Walk-A-Tif: Captain Bush Lane
This neighborhood, in Charoenkrung Soi 30, is now called Captain Bush Lane. It was home to many members of Bangkok’s early European expatriate community, during the 19th and 20th centuries, including Captain John Bush, an influential English sea captain.
In 1857, Captain John Bush was appointed Harbour Master of the Central Harbour Department by King Rama the 4th. He held that position for 30 years, serving Kings Rama the 4th and 5th. He became Admiral Bush and was granted the royal title of Phraya Wisuth Sakoradith.
His contributions to Siam, as Thailand was called at the time, were highly valued by both the kings he served.
The many coffee shops and art galleries here have made Captain Bush Lane a haven for café hoppers and street art lovers, and for anyone who appreciates the beauty of historical buildings. One could easily fall in love with this neighborhood.
A hundred and fifty meters into Captain Bush Lane, on the left, you will see a creative space called Warehouse 30.
During World War II, the Japanese built these warehouses, to store military supplies. The warehouses were left intact after the war.
Today, the Bangrak community has come together to build awareness and appreciation of this neighbourhood’s heritage. The campaign is spearheaded by one of Thailand’s prominent architects, Duangrit Bunnag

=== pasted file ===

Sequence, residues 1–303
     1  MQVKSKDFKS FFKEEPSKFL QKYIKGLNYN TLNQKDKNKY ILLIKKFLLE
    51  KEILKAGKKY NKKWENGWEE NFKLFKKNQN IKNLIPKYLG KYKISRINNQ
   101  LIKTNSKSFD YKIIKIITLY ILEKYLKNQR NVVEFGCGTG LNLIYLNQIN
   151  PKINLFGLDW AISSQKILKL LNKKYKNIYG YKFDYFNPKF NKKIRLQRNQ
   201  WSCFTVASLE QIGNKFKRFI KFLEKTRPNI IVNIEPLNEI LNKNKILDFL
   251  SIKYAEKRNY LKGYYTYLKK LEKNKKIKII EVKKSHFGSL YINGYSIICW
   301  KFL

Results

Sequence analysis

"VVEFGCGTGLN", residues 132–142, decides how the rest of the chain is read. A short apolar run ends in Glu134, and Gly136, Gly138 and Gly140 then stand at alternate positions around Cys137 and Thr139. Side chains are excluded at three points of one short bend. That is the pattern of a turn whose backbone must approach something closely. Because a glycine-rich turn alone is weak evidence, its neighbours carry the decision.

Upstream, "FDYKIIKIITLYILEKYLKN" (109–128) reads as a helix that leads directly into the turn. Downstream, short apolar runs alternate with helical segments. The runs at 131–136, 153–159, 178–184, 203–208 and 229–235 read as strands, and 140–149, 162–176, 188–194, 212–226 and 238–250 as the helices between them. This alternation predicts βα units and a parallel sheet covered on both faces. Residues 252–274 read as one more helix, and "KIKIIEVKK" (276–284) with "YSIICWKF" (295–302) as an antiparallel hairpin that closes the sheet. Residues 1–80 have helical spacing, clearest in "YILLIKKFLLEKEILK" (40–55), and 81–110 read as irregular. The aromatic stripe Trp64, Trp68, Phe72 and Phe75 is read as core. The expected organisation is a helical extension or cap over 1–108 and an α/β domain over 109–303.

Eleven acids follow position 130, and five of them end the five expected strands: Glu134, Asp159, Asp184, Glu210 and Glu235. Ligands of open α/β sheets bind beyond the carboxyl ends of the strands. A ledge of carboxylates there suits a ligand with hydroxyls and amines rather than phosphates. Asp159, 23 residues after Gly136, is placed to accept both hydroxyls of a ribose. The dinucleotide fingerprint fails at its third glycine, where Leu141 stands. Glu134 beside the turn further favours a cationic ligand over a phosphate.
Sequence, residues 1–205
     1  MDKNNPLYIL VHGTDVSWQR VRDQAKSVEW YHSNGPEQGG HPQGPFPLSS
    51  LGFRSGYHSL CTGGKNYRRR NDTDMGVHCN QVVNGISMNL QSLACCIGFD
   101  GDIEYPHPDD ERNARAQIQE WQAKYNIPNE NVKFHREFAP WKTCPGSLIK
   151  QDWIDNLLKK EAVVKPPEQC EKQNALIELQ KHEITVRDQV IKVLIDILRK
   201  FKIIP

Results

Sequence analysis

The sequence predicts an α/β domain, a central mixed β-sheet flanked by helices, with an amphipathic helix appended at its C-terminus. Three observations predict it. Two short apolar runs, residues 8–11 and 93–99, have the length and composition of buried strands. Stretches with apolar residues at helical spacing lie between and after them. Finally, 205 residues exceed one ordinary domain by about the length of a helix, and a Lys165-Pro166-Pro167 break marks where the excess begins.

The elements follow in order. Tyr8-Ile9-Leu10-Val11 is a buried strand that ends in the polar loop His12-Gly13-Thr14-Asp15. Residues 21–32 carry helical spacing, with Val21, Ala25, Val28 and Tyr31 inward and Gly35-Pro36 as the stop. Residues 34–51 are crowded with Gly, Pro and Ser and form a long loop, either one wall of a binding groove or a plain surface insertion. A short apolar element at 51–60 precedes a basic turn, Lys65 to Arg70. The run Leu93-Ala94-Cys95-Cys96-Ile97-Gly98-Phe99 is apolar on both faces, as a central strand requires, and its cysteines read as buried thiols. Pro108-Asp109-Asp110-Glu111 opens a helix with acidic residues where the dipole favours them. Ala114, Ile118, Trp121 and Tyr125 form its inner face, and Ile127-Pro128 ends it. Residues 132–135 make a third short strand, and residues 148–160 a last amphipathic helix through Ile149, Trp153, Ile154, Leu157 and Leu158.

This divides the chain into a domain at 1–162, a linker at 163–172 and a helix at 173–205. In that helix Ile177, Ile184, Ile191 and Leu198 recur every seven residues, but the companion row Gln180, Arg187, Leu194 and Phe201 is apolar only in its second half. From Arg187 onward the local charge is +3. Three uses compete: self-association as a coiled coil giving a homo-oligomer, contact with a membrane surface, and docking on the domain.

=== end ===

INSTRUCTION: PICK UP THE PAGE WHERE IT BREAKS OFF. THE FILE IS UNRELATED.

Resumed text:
The original warehouses have now been converted into shops, cafés, restaurants and galleries, a far cry from all the machinery and locomotive parts kept here in the past.
Venture a little deeper into the lane and you will find the Portuguese Embassy, the oldest diplomatic residence in Thailand. It was first established on land granted by King Rama the 2nd in 1820 as a factory.
Besides the gorgeous Portuguese wall art, there’s Si Phraya Pier, where you can catch the Chao Phraya Express Boat service.
Walking past the pier, on the right, you will see an elegant, neoclassical style building, with a central pediment at the front and beautiful roman curves on the doors and windows. This is House No. 1.
The original building was the office of the former French Distillery Company. It became House No. 1, because Bangrak District regarded it as the property of the Privy Purse and honoured it with the number one.
The Crown Property Bureau considers it to be a structure of historical value, representing genuine neoclassical architecture.
Next to House No. 1 is a warehouse. It is the only remaining structure of the Louis T. Leonowens Company, built in the vernacular style.
Some of the historical buildings in this neighborhood were, unfortunately, demolished to make room for new projects, such as the Royal Orchid Sheraton Hotel, the Hong Kong and Shanghai Banking Corporation and Captain Bush house.
Even so, there are still many beautiful examples of architecture to be discovered in Captain Bush Lane.